A quick Google search in vet news turned up at least three US vet hospital fires in the last month. Another guy a couple of months ago got extra press for his heroics in getting everyone out safely--but his whole place burnt down.

Now that’s a bad day. While he received accolades for managing to get everyone out safely, I’m sure his life has been a living hell since the TV vans packed up and moved off. “Great,” he must’ve thought. “All this publicity—just when I have no ability to take on new clients.”

I only hope all these hospitals had solid business insurance treating them well as they get their life and their practices back together.

We all know that phoenixes rise from ashes, as was the case here in Miami after one hospital, thoroughly decimated by hurricane Andrew almost fifteen years ago, grew wings big enough to win a Hospital of the Year award in Veterinary Economics Magazine. Thirteen years later this practice in southwest Miami is still thriving. If these vets caught up in their fires and their aftermath manage half as well they’ll be stylin’ for life.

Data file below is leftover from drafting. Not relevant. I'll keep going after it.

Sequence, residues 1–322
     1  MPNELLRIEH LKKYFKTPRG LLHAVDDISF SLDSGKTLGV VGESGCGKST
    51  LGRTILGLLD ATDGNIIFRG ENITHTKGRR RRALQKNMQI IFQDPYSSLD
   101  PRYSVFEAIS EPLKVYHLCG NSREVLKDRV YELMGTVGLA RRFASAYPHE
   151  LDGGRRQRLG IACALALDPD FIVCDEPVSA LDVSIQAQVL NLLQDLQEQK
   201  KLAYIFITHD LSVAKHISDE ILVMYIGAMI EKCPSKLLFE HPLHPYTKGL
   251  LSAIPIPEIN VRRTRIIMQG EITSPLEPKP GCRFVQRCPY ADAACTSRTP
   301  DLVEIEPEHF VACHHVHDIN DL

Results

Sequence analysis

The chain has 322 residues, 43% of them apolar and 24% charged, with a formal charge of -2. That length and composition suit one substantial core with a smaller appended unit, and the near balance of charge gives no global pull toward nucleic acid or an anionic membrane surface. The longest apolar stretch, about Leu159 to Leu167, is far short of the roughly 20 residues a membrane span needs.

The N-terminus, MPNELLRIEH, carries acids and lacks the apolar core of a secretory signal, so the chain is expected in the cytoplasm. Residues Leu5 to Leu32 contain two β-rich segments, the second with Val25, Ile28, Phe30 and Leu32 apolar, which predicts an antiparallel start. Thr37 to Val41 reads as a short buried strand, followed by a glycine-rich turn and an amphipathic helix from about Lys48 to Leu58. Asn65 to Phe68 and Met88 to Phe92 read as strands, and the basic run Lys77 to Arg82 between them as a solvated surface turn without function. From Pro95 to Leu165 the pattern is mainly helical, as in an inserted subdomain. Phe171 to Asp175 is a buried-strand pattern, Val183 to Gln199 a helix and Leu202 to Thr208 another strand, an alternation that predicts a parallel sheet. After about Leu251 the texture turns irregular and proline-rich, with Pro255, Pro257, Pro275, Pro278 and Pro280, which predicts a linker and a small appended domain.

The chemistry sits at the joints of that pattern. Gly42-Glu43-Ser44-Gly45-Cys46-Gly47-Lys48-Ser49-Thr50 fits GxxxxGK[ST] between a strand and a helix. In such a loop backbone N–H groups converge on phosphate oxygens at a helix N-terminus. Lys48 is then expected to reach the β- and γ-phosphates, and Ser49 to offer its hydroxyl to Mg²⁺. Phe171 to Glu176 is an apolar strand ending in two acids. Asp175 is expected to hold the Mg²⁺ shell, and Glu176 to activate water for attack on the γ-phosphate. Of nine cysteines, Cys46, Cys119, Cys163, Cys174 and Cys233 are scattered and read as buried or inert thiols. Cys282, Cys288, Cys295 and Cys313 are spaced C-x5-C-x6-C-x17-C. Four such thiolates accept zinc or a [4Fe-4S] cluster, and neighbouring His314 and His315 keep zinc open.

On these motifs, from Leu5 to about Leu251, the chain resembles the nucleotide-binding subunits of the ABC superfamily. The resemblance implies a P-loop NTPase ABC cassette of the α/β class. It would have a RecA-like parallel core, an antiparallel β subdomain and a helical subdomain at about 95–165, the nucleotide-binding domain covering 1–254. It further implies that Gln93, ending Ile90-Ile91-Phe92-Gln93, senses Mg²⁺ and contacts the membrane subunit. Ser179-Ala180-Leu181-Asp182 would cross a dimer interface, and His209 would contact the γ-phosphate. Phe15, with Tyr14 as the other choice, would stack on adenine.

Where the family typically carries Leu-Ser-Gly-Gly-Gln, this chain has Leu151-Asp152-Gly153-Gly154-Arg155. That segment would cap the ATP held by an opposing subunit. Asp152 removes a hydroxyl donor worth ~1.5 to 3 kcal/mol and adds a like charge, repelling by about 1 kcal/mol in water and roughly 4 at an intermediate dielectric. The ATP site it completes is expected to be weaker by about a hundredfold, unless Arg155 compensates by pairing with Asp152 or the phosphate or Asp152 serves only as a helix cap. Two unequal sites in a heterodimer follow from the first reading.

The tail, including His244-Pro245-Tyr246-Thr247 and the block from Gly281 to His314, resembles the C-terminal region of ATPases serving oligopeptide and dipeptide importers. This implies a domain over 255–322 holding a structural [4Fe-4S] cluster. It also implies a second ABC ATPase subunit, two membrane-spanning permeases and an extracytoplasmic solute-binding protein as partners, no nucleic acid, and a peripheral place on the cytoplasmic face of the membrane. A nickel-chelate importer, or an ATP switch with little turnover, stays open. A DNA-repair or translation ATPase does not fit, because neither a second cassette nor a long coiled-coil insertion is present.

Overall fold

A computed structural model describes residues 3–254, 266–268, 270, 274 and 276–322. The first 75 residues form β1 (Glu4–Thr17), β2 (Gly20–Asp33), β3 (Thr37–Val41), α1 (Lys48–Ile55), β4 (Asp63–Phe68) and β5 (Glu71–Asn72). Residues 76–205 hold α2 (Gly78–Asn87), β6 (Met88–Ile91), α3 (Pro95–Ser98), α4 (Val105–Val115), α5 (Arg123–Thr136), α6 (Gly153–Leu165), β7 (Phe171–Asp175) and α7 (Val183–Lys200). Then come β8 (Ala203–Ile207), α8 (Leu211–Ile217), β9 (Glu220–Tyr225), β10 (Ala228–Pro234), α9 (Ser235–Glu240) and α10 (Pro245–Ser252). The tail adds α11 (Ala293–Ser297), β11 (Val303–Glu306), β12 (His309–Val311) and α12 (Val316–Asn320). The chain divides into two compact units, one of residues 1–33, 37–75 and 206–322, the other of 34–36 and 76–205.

Such optimistic thoughts were dancing in my head when I heard about a less publicized vet hospital fire here in my hometown on Monday. Somehow everyone had heard about it but me—I’d been off galavanting at the conference and hadn’t heard the news. I learned of it when yesterday's last client of the day came in with a new patient—referred over to us as a result of his regular vet’s tragedy.

Though all the animals had been saved and the building was intact, the business had been forced to shut its doors for an indefinite period of time after the flames wreaked their havoc. And now this hospital’s clients were off looking for new places to take their pets’ emergencies.

I couldn’t help thinking: Even if this place rebuilds and recovers, the damage has already been done. How do you get all your clients back? While many vets will be keeping a list of the clients from this hospital and faxing their records back to their original doctors, I’ve got to assume that not every vet will be taking on this extra assignment. After all, these are great clients! If they’re happy, why send them back?

That’s when I got to musing some more: One thing is having to close your doors after a natural disaster strikes everyone around you. Another is knowing you’re the only loser in the area…the day before a nearly-averted stock market crash with a recession looming on the horizon. Ouch!

The truly faithful can say, “God works in mysterious ways.” The rest of us have to content ourselves with hoping we’re strong enough to power through. I hope both thoughts are uppermost in my colleagues’ minds as they face their new challenges. May the force be with them!